Now, let's open our configuration file one again and configure SSL.

sudo nano /etc/nginx/sites-available/default

On new lines inside the server block, define the location of your certificates:

ssl_certificate /etc/nginx/ssl/example.com.crt;   
ssl_certificate_key /etc/nginx/ssl/example.com.key; 

Save the file, and exit the text editor.

Step 5 — Avoiding Old Cipher Suites

HTTP/2 has a huge blacklist of old and insecure ciphers, so we must avoid them. Cipher suites are a bunch of cryptographic algorithms, which describe how the transferring data should be encrypted.

We will use a really popular cipher set, whose security was approved by Internet giants like CloudFlare. It does not allow the usage of MD5 encryption (which was known as insecure since 1996, but despite this fact, its use is widespread even to this day).

Open the following configuration file:

sudo nano /etc/nginx/nginx.conf

Add this line after ssl_prefer_server_ciphers on;.

ssl_ciphers EECDH+CHACHA20:EECDH+AES128:RSA+AES128:EECDH+AES256:RSA+AES256:EECDH+3DES:RSA+3DES:!MD5;

Save the file, and exit the text editor.

Once again, check the configuration for syntax errors:

sudo nginx -t

Step 6 — Redirecting all HTTP Request to HTTPS

Since we are interested in serving the content through HTTPS only, we should tell Nginx what it should do if the server receives an HTTP request.

At the bottom of our file, we will create a new server block for redirecting all HTTP requests to HTTPS (be sure to replace the server name with your actual domain name):

server {  
listen         80;  
listen    [::]:80;  
server_name    example.com;  
return         301 ;  
}

Save the file, and exit the configuration file.

Check the configuration for syntax errors:

sudo nginx -t

Step 7 — Reloading Nginx

That's it for all the Nginx configuration changes. Since we checked for syntax errors with each change, you should be ready to restart Nginx and test your changes.

To summarize, ignoring commented out lines, your configuration file should now look similar to this:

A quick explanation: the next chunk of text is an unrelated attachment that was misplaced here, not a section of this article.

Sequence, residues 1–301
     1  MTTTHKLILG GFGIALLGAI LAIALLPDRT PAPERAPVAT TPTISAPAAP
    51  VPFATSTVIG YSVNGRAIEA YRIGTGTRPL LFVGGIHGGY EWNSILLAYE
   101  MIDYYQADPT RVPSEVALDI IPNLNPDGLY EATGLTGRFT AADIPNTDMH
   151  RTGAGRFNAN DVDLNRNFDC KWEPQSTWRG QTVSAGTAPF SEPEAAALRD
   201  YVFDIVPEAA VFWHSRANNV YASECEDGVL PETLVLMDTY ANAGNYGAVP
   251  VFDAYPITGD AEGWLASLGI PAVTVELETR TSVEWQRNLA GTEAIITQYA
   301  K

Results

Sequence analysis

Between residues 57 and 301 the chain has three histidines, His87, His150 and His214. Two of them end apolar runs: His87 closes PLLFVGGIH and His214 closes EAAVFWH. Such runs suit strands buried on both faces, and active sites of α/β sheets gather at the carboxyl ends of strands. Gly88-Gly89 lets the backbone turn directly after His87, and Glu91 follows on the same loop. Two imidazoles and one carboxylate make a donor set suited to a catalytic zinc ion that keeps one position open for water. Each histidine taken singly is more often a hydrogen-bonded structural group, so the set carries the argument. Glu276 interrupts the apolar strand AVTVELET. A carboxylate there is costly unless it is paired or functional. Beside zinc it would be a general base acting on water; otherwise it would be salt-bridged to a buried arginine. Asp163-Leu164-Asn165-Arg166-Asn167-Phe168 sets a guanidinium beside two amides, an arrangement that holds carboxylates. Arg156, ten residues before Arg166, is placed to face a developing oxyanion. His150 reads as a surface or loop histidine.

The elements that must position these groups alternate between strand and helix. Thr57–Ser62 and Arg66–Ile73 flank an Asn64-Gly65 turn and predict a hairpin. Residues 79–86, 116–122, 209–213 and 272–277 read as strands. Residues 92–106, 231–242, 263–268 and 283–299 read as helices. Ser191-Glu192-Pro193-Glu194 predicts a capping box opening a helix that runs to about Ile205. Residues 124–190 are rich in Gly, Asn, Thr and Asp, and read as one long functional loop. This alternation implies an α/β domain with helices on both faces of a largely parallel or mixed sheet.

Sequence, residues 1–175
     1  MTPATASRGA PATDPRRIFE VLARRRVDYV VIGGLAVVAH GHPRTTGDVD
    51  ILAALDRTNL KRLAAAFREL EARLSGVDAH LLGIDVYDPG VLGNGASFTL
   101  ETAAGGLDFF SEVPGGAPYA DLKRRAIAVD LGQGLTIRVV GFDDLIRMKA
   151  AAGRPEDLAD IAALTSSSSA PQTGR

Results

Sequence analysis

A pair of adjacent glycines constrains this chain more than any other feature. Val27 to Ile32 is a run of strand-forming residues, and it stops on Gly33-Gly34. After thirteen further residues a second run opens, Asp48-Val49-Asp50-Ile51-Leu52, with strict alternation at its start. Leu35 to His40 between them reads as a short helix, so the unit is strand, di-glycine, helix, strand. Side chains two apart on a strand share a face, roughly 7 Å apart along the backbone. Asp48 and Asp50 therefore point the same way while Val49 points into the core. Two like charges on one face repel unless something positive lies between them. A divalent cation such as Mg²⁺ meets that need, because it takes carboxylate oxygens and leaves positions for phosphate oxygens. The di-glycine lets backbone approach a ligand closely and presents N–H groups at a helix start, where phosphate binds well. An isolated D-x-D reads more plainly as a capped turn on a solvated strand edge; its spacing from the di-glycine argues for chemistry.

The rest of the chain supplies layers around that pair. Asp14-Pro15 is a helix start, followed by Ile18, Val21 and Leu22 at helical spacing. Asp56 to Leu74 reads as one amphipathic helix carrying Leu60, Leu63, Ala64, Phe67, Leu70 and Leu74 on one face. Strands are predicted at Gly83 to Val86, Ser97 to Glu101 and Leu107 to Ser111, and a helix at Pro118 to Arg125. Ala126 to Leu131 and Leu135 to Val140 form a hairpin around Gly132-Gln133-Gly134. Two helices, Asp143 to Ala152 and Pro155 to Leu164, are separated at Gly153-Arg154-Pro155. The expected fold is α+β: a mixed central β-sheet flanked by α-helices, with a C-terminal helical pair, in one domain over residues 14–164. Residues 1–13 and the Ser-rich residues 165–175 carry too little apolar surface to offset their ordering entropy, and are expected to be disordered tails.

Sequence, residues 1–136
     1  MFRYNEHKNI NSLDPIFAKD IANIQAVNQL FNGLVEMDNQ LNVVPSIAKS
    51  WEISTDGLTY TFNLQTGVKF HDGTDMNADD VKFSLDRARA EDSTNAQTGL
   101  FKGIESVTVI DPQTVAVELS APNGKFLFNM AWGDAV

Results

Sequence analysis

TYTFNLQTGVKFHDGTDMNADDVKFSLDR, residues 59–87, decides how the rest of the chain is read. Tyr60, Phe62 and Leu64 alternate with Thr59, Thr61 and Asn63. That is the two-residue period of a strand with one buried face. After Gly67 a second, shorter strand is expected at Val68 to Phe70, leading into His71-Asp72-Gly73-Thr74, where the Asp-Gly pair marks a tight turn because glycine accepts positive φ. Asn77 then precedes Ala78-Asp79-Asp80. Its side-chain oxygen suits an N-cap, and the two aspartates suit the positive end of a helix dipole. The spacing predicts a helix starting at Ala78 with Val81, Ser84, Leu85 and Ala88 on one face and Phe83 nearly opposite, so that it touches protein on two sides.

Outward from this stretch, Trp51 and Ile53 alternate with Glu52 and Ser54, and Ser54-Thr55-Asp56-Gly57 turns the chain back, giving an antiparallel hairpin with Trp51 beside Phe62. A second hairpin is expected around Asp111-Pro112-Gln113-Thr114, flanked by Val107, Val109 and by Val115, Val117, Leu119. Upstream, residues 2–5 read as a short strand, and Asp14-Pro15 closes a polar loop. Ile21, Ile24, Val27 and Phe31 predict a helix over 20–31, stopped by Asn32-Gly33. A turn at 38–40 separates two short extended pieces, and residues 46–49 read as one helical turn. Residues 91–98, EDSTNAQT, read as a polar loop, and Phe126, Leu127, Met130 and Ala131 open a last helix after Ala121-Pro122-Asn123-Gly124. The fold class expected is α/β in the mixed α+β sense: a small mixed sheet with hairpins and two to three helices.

server {
    listen 443 ssl http2;
    listen [::]:443 ssl http2;
    server_name example.com;
    root /var/www/html;
    index index.html index.htm index.nginx-debian.html;

    location / {
        try_files $uri $uri/ =404;
    }
    ssl_certificate /etc/nginx/ssl/example.com.crt;
    ssl_certificate_key /etc/nginx/ssl/example.com.key;
    ssl_dhparam /etc/nginx/ssl/dhparam.pem;
}
server {
       listen         80;
       listen    [::]:80;
       server_name    example.com;
       return         301 https://$server_name$request_uri;
}

To apply the changes, restart the Nginx server.

sudo systemctl restart nginx




Conclusion

Your Nginx server is now serving HTTP/2 pages. If you want to test the strength of your SSL connection, please visit Qualys SSL Lab and run a test against your server. If everything is configured properly, you should get an A+ mark for security.

Posted on by:

grigorkh profile

Grigor Khachatryan

@grigorkh

Chief Architect at Mappr, Vectuel and RodinVR (#Techstars'17), #VR/#AR enginner, open source enthusiast. Thoughts on #IoT, #BigData, #DataScience, #AI & #Docker.Conducted 2500 job interviews.

Discussion

markdown guide
 

I recently reconfigured my server to use nginx. I wrote an article on enabling http/2 in apache on ubuntu because I was using apache at the time.
With the move, I now have to reconfigured http/2 for nginx. Thanks for the article.

 
 

Thank you Grigor for sharing this and for great explanation. I have read alot of articles about this topic but this one was very clear and helped me fully understand.